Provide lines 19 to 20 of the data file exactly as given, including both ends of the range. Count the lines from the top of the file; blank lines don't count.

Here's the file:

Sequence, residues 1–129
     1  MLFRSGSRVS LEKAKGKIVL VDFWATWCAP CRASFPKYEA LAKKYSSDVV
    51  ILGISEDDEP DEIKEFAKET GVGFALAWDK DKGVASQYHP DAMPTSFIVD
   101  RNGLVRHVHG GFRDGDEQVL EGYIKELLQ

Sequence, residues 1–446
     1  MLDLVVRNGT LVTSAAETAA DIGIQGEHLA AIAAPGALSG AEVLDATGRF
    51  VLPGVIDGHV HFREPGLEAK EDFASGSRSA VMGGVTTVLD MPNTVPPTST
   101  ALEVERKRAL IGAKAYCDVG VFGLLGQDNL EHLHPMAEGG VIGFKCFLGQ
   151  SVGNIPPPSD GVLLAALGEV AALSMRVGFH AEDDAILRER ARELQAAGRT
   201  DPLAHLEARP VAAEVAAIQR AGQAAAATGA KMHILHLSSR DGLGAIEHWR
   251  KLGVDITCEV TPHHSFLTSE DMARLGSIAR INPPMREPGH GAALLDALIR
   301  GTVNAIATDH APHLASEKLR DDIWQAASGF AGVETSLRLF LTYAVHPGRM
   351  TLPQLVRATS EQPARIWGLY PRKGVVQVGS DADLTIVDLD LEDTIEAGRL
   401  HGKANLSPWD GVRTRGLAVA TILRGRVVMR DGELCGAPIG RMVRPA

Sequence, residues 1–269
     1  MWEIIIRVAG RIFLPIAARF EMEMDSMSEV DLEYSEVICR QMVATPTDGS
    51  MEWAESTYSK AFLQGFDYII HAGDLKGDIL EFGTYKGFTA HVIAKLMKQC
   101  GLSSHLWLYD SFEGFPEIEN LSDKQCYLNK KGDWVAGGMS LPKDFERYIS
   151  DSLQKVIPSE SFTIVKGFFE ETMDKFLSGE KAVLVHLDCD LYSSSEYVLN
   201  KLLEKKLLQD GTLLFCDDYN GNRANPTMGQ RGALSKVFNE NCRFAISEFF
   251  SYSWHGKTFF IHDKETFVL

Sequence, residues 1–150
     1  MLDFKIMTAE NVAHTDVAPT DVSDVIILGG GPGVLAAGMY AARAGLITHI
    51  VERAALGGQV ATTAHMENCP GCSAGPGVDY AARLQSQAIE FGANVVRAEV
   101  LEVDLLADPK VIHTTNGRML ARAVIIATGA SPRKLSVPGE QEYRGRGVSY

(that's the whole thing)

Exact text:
   151  DSLQKVIPSE SFTIVKGFFE ETMDKFLSGE KAVLVHLDCD LYSSSEYVLN
   201  KLLEKKLLQD GTLLFCDDYN GNRANPTMGQ RGALSKVFNE NCRFAISEFF